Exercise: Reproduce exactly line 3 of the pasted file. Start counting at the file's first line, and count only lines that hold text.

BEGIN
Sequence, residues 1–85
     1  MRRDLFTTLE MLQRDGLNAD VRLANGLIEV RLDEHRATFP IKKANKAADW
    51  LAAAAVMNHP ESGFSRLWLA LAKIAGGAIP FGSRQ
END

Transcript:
    51  LAAAAVMNHP ESGFSRLWLA LAKIAGGAIP FGSRQ